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Pottery and Australians

17 April 2024
Anthropology, Archaeology, Geology

At https://phys.org/news/2024-04-discovery-pottery-rewrites-aboriginal-history.html … the discovery of pottery on Jiigurru/Lizard Island off the Queensland coast challenges the idea Aborigines were unaware of pottery manufacture prior to the 18th and 19th centuries. Ceramics, or sherds of pottery, have been discovered on Jiigurru, excavated out of a midden. A metre deep inside it. The sherds have been dated between 2000 and 3000 years old. See https://doi.org/10.1016/j.quascirev.2024.108624 …  buried in a heap that was full of shell fish and fish remains. Most of this was more than 6000 years of age, it is thought. Geological analysis of the pottery sherds has revealed it was locally produced using clay and tempers from Jiigurru. The period overlaps with a time when the Lapita people of southern New Guinea were known to have produced pottery. Hence, the technology was imported into Jiigurru which is indicative of contacts between Queensland and New Guinea, at that time – presumably requiring boat voyaging. The Lapita people are also thought to be related to the Polynesians who at a later stage of history fanned out across the Pacific.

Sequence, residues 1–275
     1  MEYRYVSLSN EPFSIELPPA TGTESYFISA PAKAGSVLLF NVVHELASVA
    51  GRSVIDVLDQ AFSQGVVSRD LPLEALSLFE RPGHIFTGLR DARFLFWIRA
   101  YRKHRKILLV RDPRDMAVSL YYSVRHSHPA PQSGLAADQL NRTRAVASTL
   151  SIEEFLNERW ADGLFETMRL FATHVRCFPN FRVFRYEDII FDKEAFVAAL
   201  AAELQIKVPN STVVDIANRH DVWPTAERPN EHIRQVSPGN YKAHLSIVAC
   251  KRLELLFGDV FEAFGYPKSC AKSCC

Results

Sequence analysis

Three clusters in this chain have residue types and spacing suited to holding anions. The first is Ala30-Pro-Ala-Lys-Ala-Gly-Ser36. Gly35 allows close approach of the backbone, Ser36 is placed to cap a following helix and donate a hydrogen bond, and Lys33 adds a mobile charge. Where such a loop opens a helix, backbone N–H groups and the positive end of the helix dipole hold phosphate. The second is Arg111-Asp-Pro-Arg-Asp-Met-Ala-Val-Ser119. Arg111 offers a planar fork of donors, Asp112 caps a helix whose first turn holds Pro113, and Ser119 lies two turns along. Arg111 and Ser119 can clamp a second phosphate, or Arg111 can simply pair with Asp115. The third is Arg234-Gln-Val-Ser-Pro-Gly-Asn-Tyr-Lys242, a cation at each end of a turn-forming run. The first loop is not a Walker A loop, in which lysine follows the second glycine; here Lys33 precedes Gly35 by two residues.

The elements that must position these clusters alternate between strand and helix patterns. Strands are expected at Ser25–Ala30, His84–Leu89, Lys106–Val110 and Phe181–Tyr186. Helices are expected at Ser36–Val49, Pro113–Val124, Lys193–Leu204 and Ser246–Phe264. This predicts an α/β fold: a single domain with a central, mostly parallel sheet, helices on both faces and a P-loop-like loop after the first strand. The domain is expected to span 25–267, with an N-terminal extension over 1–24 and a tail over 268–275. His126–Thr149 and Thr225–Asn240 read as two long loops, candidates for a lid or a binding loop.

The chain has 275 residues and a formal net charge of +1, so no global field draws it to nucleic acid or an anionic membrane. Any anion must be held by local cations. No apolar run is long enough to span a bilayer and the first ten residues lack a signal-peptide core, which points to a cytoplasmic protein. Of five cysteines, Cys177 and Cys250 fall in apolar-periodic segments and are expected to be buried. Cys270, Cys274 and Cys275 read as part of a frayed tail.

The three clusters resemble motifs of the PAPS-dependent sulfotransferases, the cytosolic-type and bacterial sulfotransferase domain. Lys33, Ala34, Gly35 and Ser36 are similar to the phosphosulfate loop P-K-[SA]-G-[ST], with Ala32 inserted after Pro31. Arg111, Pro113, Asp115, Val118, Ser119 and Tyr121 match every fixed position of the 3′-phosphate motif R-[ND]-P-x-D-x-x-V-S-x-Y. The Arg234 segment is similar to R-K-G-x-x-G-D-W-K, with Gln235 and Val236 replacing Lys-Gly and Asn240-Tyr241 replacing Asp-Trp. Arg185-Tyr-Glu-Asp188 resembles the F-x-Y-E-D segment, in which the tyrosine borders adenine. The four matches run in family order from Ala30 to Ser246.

Over at https://www.livescience.com/archaeology/drowned-land-off-australia-was-an-aboriginal-hotspot-in-last-ice-age-4000-stone-artifacts-reveal … an analysis of 4000 stone artifacts found on Barrow Island, off the NW coast of Australia, have intrigued archaeologists. They date to the Late Glacial Maximum, during a period of different sea levels to those of the modern world. Barrow Island was a high plateau in what was a low lying area, now submerged. A vast area of what is now the sea floor – or more properly the continental shelf that surrounds Australia, must have been home to Aboriginal peoples. Archaeologist have unearthed 4400 slicing, cutting, and grinding tools made of stone. Not just from the local limestone but from igneous and sandstone rocks that come from geological deposits on what is now mainland Australia. This suggests people were able to go to and fro to what is now Barrow Island.

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